Now it is fun, frolic, revelry and pleasure, with the religious connotations pushed to the background.
The forefront is occupied by the ritual of consumption, entertainment, merry-making and life affirmation. The festival is a consumer’s delight and producer’s dream.
The innocence of the festival has been invaded by sophistication and scale in all its aspects. The earthen lamps are replaced by flickering strings of lights, neon and other innovations that make the flames gyrate to attract attention.
Fireworks are professional, high-sounding with burst of bombs that pierce through the ears, high decibel sounds and a long string of crackers in thousands.
Sparklers are feminine and used by children and women; loudness is masculine and thus handled by the daredevil men.
The art of pyrotechnics advances every year. The rockets soar higher; make kaleidoscopic patters after bursting, with loud sounds. The whole neighborhood is littered with remnants of scattered pieces.
Seeing is believing. And the remnants of the crackers lie around for a while, as it is not for workers to work and clean but collect tips from households.
The second aspect is the intensification of the practice of gift giving.
In most religions, there is at least one occasion when gifts are exchanged.
Hindus do so on Diwali day.
Diwali candles have largely taken over the twinkling from earthen diyas.
Nobody has the time nowadays to twist wicks out of raw cotton and to fill each individual diya with oil.
But crackers and fireworks have come into their own, vying with each other for range, variety and eye appeal, also sadly, noise and smoke.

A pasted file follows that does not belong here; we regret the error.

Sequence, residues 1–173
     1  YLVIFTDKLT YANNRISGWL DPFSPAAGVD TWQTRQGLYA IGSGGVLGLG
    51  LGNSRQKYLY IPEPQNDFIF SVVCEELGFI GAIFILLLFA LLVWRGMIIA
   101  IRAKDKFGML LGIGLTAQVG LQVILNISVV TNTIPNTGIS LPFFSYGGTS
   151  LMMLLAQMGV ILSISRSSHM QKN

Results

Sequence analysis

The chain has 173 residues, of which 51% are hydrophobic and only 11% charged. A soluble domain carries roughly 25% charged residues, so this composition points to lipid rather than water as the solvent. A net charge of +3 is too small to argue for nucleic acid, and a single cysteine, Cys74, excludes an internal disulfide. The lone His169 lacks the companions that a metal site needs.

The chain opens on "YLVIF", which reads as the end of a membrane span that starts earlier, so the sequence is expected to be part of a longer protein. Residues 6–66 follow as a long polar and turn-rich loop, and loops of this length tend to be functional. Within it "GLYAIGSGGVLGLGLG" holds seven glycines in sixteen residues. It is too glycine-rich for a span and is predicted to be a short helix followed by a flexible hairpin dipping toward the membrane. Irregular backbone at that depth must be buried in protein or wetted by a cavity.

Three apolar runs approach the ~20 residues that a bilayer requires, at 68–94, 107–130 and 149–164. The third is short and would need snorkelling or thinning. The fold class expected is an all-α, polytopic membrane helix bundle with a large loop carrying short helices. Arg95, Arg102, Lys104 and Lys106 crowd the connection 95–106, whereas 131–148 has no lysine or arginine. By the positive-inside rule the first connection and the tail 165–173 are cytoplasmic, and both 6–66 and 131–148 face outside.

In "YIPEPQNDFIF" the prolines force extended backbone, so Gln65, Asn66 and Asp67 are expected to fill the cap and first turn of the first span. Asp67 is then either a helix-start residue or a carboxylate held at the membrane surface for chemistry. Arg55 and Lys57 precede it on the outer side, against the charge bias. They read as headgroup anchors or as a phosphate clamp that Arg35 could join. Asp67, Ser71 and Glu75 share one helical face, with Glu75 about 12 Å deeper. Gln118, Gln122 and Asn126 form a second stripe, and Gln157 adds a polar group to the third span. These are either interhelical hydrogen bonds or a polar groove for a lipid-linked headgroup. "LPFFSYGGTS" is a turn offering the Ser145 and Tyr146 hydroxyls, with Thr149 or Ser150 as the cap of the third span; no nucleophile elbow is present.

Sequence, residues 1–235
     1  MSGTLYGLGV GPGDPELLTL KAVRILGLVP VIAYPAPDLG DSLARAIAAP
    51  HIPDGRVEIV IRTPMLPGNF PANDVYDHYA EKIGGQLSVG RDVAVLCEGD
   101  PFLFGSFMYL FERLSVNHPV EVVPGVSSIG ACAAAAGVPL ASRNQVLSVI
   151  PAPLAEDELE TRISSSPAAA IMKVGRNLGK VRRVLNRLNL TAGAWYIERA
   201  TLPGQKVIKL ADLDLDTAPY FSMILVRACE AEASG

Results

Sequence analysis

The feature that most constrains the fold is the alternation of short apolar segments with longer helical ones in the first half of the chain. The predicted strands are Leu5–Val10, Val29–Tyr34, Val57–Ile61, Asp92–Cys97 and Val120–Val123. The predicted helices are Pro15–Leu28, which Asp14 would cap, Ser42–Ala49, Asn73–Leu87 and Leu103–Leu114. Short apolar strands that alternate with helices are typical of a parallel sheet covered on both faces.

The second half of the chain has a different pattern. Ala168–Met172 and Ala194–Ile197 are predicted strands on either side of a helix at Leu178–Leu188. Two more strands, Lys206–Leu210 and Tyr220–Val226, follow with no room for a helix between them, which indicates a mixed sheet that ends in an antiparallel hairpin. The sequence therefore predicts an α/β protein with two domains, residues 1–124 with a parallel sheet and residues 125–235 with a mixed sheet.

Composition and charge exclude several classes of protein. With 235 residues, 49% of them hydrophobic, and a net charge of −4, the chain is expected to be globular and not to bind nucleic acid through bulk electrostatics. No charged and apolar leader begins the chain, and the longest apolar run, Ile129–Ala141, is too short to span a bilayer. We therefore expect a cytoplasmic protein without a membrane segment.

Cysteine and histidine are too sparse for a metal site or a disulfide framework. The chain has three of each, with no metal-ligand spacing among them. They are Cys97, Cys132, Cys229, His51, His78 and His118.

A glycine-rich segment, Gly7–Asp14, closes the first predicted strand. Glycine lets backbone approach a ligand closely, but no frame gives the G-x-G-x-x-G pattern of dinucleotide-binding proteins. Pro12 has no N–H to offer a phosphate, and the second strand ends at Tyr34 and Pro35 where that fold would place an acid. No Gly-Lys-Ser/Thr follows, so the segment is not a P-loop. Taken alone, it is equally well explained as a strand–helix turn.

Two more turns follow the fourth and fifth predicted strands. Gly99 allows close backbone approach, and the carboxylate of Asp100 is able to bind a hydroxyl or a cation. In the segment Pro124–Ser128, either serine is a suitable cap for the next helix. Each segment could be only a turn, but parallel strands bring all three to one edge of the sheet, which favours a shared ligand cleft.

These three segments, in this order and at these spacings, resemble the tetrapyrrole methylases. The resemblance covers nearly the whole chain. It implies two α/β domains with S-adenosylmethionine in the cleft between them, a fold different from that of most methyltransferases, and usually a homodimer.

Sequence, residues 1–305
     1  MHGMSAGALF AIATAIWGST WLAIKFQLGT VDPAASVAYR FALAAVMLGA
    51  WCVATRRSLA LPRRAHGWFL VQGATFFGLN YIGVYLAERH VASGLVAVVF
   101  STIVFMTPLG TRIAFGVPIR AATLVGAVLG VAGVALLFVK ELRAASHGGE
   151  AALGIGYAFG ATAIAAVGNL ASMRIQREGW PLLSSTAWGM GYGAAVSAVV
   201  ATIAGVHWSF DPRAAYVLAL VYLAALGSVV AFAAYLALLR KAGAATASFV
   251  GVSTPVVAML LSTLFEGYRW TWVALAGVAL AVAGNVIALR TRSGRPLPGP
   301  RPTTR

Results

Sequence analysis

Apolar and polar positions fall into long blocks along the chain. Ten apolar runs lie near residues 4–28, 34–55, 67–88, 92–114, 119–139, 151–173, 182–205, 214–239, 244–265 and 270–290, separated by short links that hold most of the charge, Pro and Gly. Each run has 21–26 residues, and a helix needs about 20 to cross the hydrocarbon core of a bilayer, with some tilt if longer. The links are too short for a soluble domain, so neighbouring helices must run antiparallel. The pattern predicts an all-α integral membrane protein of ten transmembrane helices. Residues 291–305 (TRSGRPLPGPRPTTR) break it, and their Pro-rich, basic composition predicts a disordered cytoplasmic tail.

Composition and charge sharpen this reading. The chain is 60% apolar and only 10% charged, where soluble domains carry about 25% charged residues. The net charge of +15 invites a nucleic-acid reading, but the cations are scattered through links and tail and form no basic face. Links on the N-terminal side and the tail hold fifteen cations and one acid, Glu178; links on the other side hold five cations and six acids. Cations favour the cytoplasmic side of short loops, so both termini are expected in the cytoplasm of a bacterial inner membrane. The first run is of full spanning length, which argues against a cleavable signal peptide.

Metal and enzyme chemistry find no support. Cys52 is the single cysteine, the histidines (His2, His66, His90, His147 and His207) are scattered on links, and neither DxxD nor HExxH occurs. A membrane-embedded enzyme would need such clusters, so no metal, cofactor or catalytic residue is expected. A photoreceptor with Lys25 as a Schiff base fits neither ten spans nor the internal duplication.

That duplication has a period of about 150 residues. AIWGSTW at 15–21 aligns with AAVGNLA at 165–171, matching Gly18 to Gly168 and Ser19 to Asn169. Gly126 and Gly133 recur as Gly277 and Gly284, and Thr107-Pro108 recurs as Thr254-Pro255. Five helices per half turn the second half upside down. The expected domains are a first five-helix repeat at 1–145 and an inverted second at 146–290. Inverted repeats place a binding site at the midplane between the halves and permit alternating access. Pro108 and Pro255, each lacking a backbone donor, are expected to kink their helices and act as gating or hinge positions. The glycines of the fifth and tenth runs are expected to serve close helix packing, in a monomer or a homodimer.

It is possible to drape the night in stars without an almighty bang that also releases a pall of smoke.
Most of the money spent on a Diwali celebration only seeks to project an image. But in spite of this element of consumerism that has recently crept in, Diwali remains one of the liveliest of Indian festivals.
Till distemper and plastic emulsion appeared on the scene, every urban home was lime-washed for Diwali every year for cosmetic reasons and to lay on a befitting welcome to Lakshmi, the Goddess of Wealth, who likes homes to be clean. Diwali is also an occasion for throwing away old, unwanted stuff.
Diwali is an important economic event today.
The hidden persuaders work overtime to justify consumption and convincing people of spending money. This season of gifts is marked by advertisements that offer the gift giver a variety of options, especially to the business houses that can get their logos imprinted on the items a kind of PR exercise.
The Festival has now come to be associated with conspicuous consumption on the one hand and indulgence on the other. The expenditure on celebrations has gone up by geometric proportions.
Diwali sales beckon people to bargains. The atmosphere is sabbatical and raucousness is not despised. Record albums and new films are released; magazines issue special numbers; business ventures are launched.
Frenzied shopping accompanies the festivities. Shops are decorated with flowers, lights and tinsel and cater to large jostling crowds buying clothes, gold and silver ornaments, sweets and firecrackers. To celebrate the harvest, new utensils are bought. There is an air of extravagance and business is brisk with each shop vying with the other by offering better bargains.
Hence the proliferation of shops and kiosks dealing in gifts and special packaging of sweets, chocolates, fruits, dry fruit and other sundries like purses, pens, table-sets of cutlery and stationery, sarees, crockery items, ceramic decoration pieces, plastic stuff; table lamps, containers, hampers containing consumables like pickles, jams, sauces, condensed milk and much more.
Traces of tradition
Candles and electric lights may take the place of the traditional earthen lamps; but many families have retained the traditional values.
Throughout India, Diwali celebrations bring the luminosity of joyous spirit-visits to relations and friends, heart touching heart, mind and mind, soul and soul, warm greetings and exchange of sweets, crackers and fireworks-loud and thundering or sparkling Anar or a Phooljhari so appropriate to the sparkle of the heart and festive night.